On Monday Oct. 17 about 50 Culver School District sixth-graders were pulled from Camp Tamarack's Outdoor School program, a three-day and two-night camp that blends school curriculum with outdoor activities that over 40 schools participate in. Camp Tamarack staff said they weren't aware the students were leaving until the buses arrived and didn't learn why the students left until CSD Superintendent Stefanie Garber issued a letter to parents the next day.
- Photo courtesy of Camp Tamarack via Instagram
- A sign guides students back to Camp Tamarack.
The letter detailed how some students told teachers they were uncomfortable bunking and changing clothes in a cabin with nonbinary student volunteers, though Tamarack does have changing rooms, private bathrooms and a shower house where students change in private. Nonbinary people identify as being outside of the binary gender spectrum and may identify as both female and male, neither female nor male, and may or may not identify as transgender.
Camp Tamarack states that it is inclusive of LGBTQ+ students and its equity, diversity and inclusion policies on its website affirm students' right to self-identify autonomously, use the facilities matching their gender identity and that nonbinary students are placed in cabins according to their friend group, or are assigned by their school counselor or guardian.
"At Camp Tamarack, it is our ongoing mission to ensure that Outdoor School is a safe place to work, volunteer and send children, regardless of an individual's race, religion, sex, color, disability, sexual orientation or gender identity," said Charlie Anderson, executive director of Camp Tamarack in an emailed response. "In order to ensure everyone's safety, we follow the rules laid forth by the Oregon Department of Education."
A social media post from Tamarack employees said many kids were upset to depart, with some chanting "let us stay" before leaving. The post also said the camp's social media platforms and Google reviews were flooded with anti-trans and anti-nonbinary comments. Anderson said they've reported a large number of the posts and that most of them have since been removed. Garber says she's been called a bigot for purportedly not supporting the camp counselors, but claims her actions supported both counselors and Culver students.
She said she made the decision to pull kids from the camp after several male students expressed discomfort about the counselors to their teachers, which then filtered up to the Culver Middle School principal and finally her.
- Photo courtesy of Camp Tamarack via Instagram
- Campers watch a presentation on stage at Camp Tamarack.
"There were boys that were very uncomfortable that their counselor appeared to be a female but identified as nonbinary. It was my understanding that it was more than one cabin. Given the circumstances I consulted with a couple other administrators, and it seemed like a no-win situation," Garber said.
Garber said she felt rearranging camping accommodations would unfairly single out the nonbinary camp counselors, and that she didn't want Culver students to remain in a situation they felt was uncomfortable. Garber said it was a difficult decision to make and one she doesn't take lightly.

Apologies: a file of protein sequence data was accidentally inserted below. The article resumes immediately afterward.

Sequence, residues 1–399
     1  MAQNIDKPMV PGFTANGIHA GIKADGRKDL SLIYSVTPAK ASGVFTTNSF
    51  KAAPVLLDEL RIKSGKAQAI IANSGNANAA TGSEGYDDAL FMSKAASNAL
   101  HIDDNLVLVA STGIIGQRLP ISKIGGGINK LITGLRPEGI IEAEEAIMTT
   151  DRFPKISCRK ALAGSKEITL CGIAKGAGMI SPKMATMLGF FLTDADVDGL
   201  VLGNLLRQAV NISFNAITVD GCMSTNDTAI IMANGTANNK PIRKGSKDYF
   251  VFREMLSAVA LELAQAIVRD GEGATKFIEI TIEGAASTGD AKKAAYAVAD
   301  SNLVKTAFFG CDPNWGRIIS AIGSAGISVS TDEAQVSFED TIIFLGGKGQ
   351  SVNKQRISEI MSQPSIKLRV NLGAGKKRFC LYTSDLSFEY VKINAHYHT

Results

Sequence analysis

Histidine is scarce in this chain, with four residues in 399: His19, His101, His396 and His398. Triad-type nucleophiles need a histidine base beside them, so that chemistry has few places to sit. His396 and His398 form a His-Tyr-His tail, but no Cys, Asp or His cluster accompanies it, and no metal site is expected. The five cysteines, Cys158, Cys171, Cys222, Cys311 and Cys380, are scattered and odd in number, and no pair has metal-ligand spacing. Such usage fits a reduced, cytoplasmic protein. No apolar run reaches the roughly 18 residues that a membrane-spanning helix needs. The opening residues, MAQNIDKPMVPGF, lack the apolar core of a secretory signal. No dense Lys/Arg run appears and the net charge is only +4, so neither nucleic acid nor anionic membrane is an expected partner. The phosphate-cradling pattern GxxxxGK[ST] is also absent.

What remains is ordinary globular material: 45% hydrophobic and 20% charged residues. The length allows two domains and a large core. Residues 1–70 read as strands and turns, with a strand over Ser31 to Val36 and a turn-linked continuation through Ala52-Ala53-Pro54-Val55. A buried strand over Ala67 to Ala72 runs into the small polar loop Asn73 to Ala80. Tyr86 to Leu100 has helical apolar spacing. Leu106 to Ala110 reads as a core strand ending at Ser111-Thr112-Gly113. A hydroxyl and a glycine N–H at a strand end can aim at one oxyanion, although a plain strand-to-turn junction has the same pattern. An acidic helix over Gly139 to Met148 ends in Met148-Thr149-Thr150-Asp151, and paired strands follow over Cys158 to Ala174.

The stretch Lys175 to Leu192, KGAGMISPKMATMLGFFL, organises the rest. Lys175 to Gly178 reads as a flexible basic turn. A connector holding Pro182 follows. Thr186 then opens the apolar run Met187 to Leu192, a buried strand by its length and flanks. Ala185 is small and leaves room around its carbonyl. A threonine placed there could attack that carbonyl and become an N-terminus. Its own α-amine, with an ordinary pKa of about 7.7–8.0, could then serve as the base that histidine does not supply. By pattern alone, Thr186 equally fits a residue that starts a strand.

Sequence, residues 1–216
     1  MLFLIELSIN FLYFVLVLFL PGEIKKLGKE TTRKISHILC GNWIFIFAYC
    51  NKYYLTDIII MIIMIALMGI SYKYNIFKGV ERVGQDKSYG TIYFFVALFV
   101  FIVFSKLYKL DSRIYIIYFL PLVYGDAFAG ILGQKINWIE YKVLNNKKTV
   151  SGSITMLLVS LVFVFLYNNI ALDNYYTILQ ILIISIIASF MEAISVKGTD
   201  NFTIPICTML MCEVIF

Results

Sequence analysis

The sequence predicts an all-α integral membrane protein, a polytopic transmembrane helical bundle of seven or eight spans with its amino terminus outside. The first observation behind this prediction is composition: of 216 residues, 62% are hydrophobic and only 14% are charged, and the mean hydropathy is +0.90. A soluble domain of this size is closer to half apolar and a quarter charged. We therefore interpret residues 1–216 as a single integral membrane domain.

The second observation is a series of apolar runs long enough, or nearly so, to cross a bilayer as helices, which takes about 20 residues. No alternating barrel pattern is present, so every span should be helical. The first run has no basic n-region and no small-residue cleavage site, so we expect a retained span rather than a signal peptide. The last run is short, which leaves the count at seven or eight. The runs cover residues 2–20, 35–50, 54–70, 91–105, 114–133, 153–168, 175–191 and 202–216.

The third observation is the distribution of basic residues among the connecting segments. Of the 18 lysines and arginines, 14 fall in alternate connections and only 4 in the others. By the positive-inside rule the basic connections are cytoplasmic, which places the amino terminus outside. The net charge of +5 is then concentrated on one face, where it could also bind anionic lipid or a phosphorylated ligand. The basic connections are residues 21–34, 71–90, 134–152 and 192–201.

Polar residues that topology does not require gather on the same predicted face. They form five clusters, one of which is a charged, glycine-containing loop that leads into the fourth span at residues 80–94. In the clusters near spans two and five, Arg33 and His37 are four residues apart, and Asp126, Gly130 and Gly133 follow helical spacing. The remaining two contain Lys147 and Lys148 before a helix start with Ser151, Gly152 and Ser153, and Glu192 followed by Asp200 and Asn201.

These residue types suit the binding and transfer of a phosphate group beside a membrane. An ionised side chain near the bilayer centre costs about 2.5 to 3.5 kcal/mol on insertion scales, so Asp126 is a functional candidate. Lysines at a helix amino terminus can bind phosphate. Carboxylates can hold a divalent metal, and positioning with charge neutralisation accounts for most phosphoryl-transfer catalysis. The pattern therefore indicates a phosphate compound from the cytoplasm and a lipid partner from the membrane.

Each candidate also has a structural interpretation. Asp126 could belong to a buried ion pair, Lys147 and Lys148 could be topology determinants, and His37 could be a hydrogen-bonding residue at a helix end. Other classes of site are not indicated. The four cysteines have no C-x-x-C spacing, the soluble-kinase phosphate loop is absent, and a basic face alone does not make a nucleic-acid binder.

"It just seemed best to retreat. I lost sleep over the decision. It was not easy. And Culver school district fully supports our own LGBTQ community, and we support the heterosexual community. It's a delicate balance for schools," Garber said. "The parents trust us to take care of their kids, no matter how they identify. And so, if the students were uncomfortable enough, multiple of them, to go to the teacher, we have to listen. Even if it was one student, you'd have to listen, but it was multiple."
Both Garber and Camp Tamarack have accused the other of poor communication throughout the process. Garber's letter says they erred on the side of caution but would've continued if they'd known beforehand that a counselor was nonbinary, allowing them to coordinate cabin placement with Culver students. Anderson said that type of arrangement wouldn't be possible, and that he wished Culver staff told camp staff that they were leaving.
"Our communications are not allowed to include the sexual orientation or gender identity of any of the kids, campers or student leaders at camp. We have been working with Culver since 2015 and the communication this year has been no different than in years past," Anderson wrote. "Though the superintendent apologized to us for her gap in communication, we feel that was a missed opportunity for meaningful communication and solutions."
The Oregon Department of Education Communications Director Marc Siegel told the Madras Pioneer that districts are encouraged to consider cisgender student discomfort or lack of understanding with the increased harm and safety needs of gender noncomforming students, but couldn't say if a violation occurred.
"Accommodations can be made for those students that feel uncomfortable, and a student should not be forced to stay in a situation where they are uncomfortable," Siegel told the Madras Pioneer. "But that individual support plan cannot create a discriminatory environment for other students either, and cannot infringe on the rights of others to experience nondiscrimination."
Other school districts are revising their outdoor school curriculum as well. Buff Elementary in Jefferson County told parents of fifth-graders they'd be taking day trips to the camp but will not be spending the night. The public information officer of Jefferson School District didn't respond to a request for comment.